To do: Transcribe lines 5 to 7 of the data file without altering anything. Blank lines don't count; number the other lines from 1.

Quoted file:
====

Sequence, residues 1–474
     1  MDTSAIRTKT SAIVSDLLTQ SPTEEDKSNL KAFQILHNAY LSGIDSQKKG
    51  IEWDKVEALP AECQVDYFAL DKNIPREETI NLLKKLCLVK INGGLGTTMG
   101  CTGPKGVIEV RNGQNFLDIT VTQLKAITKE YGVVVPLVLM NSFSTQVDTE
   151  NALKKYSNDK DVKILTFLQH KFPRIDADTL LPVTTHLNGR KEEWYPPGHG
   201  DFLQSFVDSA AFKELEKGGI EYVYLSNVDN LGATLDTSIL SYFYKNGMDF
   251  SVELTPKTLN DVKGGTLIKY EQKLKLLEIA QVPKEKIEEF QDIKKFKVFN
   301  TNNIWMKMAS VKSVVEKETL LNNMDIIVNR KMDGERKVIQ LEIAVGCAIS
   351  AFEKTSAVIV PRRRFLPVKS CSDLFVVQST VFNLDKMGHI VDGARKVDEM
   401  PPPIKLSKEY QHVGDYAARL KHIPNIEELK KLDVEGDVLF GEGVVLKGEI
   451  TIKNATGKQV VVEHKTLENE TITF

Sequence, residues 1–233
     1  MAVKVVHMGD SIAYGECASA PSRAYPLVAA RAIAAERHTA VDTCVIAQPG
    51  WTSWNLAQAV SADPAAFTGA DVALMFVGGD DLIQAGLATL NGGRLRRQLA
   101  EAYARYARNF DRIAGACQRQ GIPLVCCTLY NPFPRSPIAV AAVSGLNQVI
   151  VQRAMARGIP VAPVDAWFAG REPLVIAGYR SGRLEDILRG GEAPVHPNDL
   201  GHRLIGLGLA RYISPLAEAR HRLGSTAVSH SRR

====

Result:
   151  NALKKYSNDK DVKILTFLQH KFPRIDADTL LPVTTHLNGR KEEWYPPGHG
   201  DFLQSFVDSA AFKELEKGGI EYVYLSNVDN LGATLDTSIL SYFYKNGMDF
   251  SVELTPKTLN DVKGGTLIKY EQKLKLLEIA QVPKEKIEEF QDIKKFKVFN